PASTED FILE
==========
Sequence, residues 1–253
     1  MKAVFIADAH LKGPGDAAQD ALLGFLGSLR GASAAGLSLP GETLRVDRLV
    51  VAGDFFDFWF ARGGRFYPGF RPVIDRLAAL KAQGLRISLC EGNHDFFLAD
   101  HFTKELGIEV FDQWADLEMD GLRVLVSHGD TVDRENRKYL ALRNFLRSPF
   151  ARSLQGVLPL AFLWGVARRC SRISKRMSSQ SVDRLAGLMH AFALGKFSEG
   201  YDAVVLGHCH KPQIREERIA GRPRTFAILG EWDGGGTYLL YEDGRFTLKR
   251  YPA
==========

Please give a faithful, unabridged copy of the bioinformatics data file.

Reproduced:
Sequence, residues 1–253
     1  MKAVFIADAH LKGPGDAAQD ALLGFLGSLR GASAAGLSLP GETLRVDRLV
    51  VAGDFFDFWF ARGGRFYPGF RPVIDRLAAL KAQGLRISLC EGNHDFFLAD
   101  HFTKELGIEV FDQWADLEMD GLRVLVSHGD TVDRENRKYL ALRNFLRSPF
   151  ARSLQGVLPL AFLWGVARRC SRISKRMSSQ SVDRLAGLMH AFALGKFSEG
   201  YDAVVLGHCH KPQIREERIA GRPRTFAILG EWDGGGTYLL YEDGRFTLKR
   251  YPA